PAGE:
Man broke the moral law and rebelled against the moral order. To punish man, God permits pain and physical evil. However, He has another reason. God, who is good, gives pain a purpose.
The purpose of pain is the healing of the soul. God permits pain, not only to punish the transgressor and the rebel, but also to heal him--primarily to heal him , to save him, to do him good.
What do doctors do, in order to counteract bacteria, to neutralise a sickness, to restore a human organism to health? They give drugs, many times bitter and unpleasant tasting. They perform operations, which are often painful and exhausting. They impose diets, many times long and rigid.
God also uses such methods; or rather, the wisdom and goodness of God present an incomparably wiser combination for the chastising affliction. It looks like He punishes sin, because pain is, of course, punishment. It establishes the prestige of His law, which the sinning person violates.
With pain, however, He also heals the soul, poisoned by sin. His intervening love gives pain a healing quality. He changes it into a drug which draws the poison from the soul. He uses it as surgery, which removes the malignant tumour of sin from the soul, and destroys the death-bearing microbe and saves the soul from eternal death. He uses it as a kind of spiritual diet which hinders the advance of sin. He nails the sinner to a bed of sickness, in order to prepare his repentance is conversion, his restoration to spiritual health. Thus pain, even though it comes from sin, is changed by the wise educator, by the unique physician of the soul, by God, into a medicine of the highest quality, for the healing of sin.
But does God really need to use pain, grief, privation, and tears, to draw the sinner to repentance?
Here is another torturing perplexity for people who don't know the wisdom and love of God. How shall we answer it?
We answer that for most people pain is the only means by which they will repent and be saved. For others, it is the superior, invigorating medicine which will make them perfect. Even experienced doctors can make mistakes and use drastic therapy, when milder and gentler means would bring the same results. For the infallible physician, however, the all-wise God, this is never the case. He is always right.
Undoubtedly, when the prodigal son announced his decision to rebel, his father gave him advice and warned him. He used all the means of pressure which are applied to free men in order to make them willingly obey the law of God. But these methods are weak and feeble, when sin fills the mind with the fruits of egotistical rebellion, when it hardens the heart with its lust and poison, when it imprisons the will with its demonic impulses.
Then, only "the discipline of the Lord, opened the ears." Only pain softens the heart, as fire softens iron, only pain makes the heart long for repentance; it clears the mind so that it can see and hate the trickery of sin; it frees the will so that it can decide to make its return.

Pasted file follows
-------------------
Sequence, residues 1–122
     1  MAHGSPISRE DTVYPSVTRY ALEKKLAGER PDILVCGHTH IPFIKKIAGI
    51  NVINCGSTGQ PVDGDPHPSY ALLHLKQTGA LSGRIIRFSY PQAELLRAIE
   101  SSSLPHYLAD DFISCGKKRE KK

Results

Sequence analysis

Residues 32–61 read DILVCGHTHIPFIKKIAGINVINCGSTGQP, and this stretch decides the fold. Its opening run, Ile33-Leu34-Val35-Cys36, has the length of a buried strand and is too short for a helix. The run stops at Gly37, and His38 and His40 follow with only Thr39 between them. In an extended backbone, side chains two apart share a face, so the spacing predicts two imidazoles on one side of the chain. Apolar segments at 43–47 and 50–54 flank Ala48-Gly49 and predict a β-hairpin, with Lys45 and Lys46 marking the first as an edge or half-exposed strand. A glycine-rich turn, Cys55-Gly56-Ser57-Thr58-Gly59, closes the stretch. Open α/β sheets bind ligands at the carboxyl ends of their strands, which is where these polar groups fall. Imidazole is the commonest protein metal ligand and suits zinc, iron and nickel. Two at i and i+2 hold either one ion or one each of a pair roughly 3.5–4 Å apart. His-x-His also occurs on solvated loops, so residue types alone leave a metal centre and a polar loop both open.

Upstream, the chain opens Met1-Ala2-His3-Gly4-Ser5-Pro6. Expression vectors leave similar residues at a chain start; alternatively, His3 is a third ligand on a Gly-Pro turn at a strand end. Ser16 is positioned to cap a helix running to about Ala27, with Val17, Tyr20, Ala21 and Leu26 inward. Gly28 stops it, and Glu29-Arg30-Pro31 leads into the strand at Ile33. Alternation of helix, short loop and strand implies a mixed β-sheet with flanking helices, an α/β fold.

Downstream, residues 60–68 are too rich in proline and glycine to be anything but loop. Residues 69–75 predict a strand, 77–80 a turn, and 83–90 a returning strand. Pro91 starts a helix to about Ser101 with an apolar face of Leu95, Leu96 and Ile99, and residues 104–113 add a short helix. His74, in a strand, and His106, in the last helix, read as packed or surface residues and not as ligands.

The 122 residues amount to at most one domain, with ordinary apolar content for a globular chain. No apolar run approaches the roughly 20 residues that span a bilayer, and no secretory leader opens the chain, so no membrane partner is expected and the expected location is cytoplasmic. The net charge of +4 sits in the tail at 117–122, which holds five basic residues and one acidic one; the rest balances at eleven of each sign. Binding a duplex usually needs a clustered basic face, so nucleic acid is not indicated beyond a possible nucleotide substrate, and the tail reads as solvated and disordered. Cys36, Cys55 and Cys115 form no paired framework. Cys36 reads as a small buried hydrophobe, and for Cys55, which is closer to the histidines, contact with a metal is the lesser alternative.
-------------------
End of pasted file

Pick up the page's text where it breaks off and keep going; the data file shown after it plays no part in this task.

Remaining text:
Only when the prodigal lost his riches, only when he became a wretched slave and a debased swine herder, naked and hungry, only then did "he come to himself"; he realised that he was lost and he made the heroic decision:
"I will arise and go to my father, and I will say unto him, Father, I have sinned."
If the paralytic of Capernaum, whom they lowered through the roof in order to reach the Lord, had not been thrown into bed as a living corpse, by a painful disease, it is doubtful if he ever would have left sin, and if he ever would have approached the Saviour. Finally, purified by disease and repenting, he heard the Saviour say,
"Son, thy sins be forgiven thee."
If the other paralytic of Bethesda, who was bed-ridden for 38 years, had not been purified in the furnace of pain, from the corrosion of sin, he never would have known the Saviour and heard the saving commandment (which also applies to us):
"Sin no more, lest a worse thing come unto thee."
For, in addition to the persistent diseases and life long afflictions of earth, there are even worse pains which the unrepentant person might finally experience.
So there is no medicine more beneficial than pain, and no higher purpose than repentance and return to God. This is the target which pain aims at and sorrow works for. There is no knowledge more useful to man, and especially to the Christian, than this knowledge about the purpose of pain.
How many tears would be wiped away, how much darkness would be made light, how many hearts would be comforted, how many sufferers would more quickly find the solution to their pain, if only they wanted to learn about God's beneficial purpose, and to believe in it. Surely then they would see that pain is the beneficial knife of the surgeon-physician. Not only would they suffer patiently, but they would gratefully thank the Good Physician. They deserted Him, but He did not desert them. They forsook Him, but He visited them through pain; He called them through pain, He guided them with pain to the sorrowless and blessed life.
from For the Hours Of Pain
published by the Brotherhood of Theologians "Zoe" Athens, Greece